As you’ve probably heard Michael Jordan is having a moment — which isn’t all that surprising, because after so many, what’s one more.
And you know who’s loving it? Anybody who owns a Michael Jordan rookie card.
Amid MJ Mania — what is this, version 3.0? — his famous rookie card sold for $51,600, a new record. You know the one. Jordan has his tongue slightly hanging out as he flies toward the basket. It’s that young, hungry Jordan we saw in the first two episodes of “The Last Dance” when it debuted on ESPN to record audiences last weekend.
This particular record-breaking card was a Gem Mint 10, which basically means it’s pristine in every way, the best of the best. But even the not-quite-immaculate cards are reaching new heights. Earlier this week, a Jordan rookie card graded as a 9 by PSA, the leading trading card grader, sold for $11,285 only to be eclipsed by another 9 the next day for $12,500.
Our current conditions might be creating a perfect storm for collectors. We’re all cooped up because of the coronavirus. Nearly all the attention in sports lately — save for the NFL draft — has been focused on Michael Jordan. Meanwhile, people who collected cards back in the 1980s have the time and renewed interest to pull them out and see what’s been hiding. And people who have the means are also perusing eBay or auction houses while they get caught up in Jordan nostalgia.
“I think we already knew that Michael Jordan was pretty good before ‘The Last Dance,’” says Joe Orlando, the president and CEO of Collectors Universe, the parent company of PSA. He’s one of the leading experts on sports cards and their values. “But now it’s like throwing gas on the fire.”
— Joe Orlando (@JoeOrlandoPSA) April 20, 2020
Why Michael Jordan rookie cards are different
In the summer of 2018, a guy named John in New Jersey saw a story on the news about a 1952 Mickey Mantle rookie card that was expected to fetch $3.5 million at auction. He was pretty sure he had some of those. Sure enough, he went into a box that held his baseball cards from years ago and there were five of them. This discovery by John — he never released his last name — made headlines and eventually sold for more than $1 million. His cards weren’t in the same good shape as the $3.5 million card, but that’s still quite a windfall.
The point is, sometimes it takes big mainstream news coverage for people to remember what they have stored away in their garage or attic. “The Last Dance” and the hype around Michael Jordan could send former collectors back into their garages looking for their old treasures.
“There are people who were very active in that time that were very familiar with the Michael Jordan rookie card,” Orlando says. “You have these people who were collectors back in those days that have become disconnected with the current market. They may still have this card. That’s what’s exciting about this.”
Unlike modern collectibles, where top dollar goes to 1-of-1 cards with autographs or memorabilia attached, the ‘86 Fleer Jordan is just a regular card. It’s No. 57 in the set. But it’s *the* Jordan rookie card. Just like the 1989 Upper Deck is *the* Ken Griffey Jr. rookie card.
“Simplicity matters,” Orlando says. “Even people who are not advanced collectors know that that’s the card.”
What’s so interesting about the Jordan rookie card vs. the Mantle rookie or other famous old rookie cards is that MJ’s isn’t particularly rare. As Orlando told Yahoo Sports, his company has graded 311 Gem Mint 10 Jordan rookie cards. PSA has graded 2,703 Jordan rookies that rate as a 9 and sell for more than $10,000.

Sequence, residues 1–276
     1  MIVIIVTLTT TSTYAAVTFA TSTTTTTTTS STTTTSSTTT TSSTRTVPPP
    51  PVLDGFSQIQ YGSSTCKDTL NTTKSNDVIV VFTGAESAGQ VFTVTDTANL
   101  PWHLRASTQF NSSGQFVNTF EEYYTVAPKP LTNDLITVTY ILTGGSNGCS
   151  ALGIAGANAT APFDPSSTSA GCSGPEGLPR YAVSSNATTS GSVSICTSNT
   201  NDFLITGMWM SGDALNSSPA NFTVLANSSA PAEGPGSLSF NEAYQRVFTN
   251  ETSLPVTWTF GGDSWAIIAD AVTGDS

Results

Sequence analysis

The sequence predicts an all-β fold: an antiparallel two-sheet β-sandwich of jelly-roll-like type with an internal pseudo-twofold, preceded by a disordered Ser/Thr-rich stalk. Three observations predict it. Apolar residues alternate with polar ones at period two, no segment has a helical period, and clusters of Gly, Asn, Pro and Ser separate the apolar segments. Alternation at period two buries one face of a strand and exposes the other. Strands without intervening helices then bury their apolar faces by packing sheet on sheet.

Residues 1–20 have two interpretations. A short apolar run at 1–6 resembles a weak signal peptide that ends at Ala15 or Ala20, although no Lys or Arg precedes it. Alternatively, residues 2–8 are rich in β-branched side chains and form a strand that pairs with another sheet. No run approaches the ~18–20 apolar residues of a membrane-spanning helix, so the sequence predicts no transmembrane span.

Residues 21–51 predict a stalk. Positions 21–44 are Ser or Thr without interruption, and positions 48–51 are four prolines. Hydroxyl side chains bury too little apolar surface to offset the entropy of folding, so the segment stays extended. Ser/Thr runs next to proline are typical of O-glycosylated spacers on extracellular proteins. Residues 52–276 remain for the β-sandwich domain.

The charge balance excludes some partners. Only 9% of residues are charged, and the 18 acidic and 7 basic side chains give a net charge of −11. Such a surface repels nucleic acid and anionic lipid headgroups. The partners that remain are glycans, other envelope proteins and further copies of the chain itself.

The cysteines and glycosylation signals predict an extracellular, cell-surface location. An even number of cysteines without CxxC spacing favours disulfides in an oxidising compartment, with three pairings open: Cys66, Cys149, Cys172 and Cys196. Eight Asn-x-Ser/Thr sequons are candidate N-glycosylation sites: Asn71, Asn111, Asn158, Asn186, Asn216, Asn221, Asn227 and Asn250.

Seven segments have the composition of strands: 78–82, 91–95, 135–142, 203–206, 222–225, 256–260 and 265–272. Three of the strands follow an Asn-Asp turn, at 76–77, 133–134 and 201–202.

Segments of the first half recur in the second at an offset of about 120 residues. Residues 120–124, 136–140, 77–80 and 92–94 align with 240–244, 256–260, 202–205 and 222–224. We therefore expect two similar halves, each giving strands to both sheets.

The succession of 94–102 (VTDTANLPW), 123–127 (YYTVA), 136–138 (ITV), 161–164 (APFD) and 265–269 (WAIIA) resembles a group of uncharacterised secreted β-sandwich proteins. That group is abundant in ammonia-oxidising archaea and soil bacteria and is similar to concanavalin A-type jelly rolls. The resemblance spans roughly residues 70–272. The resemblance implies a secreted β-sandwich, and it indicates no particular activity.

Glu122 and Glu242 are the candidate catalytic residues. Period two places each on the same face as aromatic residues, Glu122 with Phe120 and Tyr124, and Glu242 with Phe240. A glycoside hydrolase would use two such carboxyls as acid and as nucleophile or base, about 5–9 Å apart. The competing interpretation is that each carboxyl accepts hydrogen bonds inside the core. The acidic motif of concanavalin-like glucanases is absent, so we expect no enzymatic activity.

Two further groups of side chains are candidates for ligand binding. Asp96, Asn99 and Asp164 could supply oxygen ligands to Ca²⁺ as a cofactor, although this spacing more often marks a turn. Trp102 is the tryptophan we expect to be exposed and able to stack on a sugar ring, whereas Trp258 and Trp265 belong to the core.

What’s more impressive, Orlando said, is that these cards are still rising in value, despite not being particularly hard to find in the market.
“I don’t care if you’re talking about Mickey Mantle or any other player,” Orlando said. “I don’t know that there’s as much depth to a single card as the 1986 Fleer Michael Jordan.”
Do you have a Jordan rookie sitting around?
If you haven’t followed sports cards in the past 25 years, it’s an entirely different ballgame. What used to serve as cardboard for kids to put in their bike spokes in the 1950s and 1960s turned into mass-produced, get-rich-quick-schemes that fell flat in the 1980s and 1990s. Now it’s more like a stock market.
Rookie cards, the best ones at least, are a commodity. The serious collectors knew which Zion Williamson rookie cards to hunt down before he even played a game.
So if you’re one of those bygone collectors with a Jordan rookie card sitting around, you might not recognize the sports card market these days. Any card worth a substantial amount of money has to be graded. PSA, Orlando’s company, is the leader in that. You mail away your card to PSA, which grades it based on its condition and that automatically puts a value on it.
Gem Mint 10s sell for a specific price. So do 9s, 9.5s, 8.5s and so on. This is true whether we’re talking about the Michael Jordan rookie, Zion Williamson rookies or those fabled Mickey Mantle rookies.
Orlando expects other Jordan memorabilia to see a similar spike. Autographs, for instance, are something he says are on the rise. Normally, the law of supply and demand would tell you that the more rare the autograph, the more valuable it is.
This is another case where Jordan seems to defy convention.
“Standard autographed products, like signed jerseys or balls, a lot of those products range from several hundred dollars to $10,000,” Orlando says. “That’s substantial considering he’s still alive and he signed a considerable amount of autographs in his time.”
Remember there are four more weeks of “The Last Dance” and Jordan nostalgia to catapult the collectibles market even higher, so expect all the prices to keep rising.
“He’s Michael Jordan,” Orlando says. “What else is there to say?”
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